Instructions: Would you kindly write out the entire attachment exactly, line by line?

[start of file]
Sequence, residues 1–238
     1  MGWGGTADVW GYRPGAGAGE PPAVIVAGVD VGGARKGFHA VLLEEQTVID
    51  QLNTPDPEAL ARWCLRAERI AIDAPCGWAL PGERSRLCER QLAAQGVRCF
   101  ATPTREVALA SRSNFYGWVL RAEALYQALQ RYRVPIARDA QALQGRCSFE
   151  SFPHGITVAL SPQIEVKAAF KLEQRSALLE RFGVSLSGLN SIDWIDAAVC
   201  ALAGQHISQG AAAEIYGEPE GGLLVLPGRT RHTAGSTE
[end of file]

Sequence, residues 1–238
     1  MGWGGTADVW GYRPGAGAGE PPAVIVAGVD VGGARKGFHA VLLEEQTVID
    51  QLNTPDPEAL ARWCLRAERI AIDAPCGWAL PGERSRLCER QLAAQGVRCF
   101  ATPTREVALA SRSNFYGWVL RAEALYQALQ RYRVPIARDA QALQGRCSFE
   151  SFPHGITVAL SPQIEVKAAF KLEQRSALLE RFGVSLSGLN SIDWIDAAVC
   201  ALAGQHISQG AAAEIYGEPE GGLLVLPGRT RHTAGSTE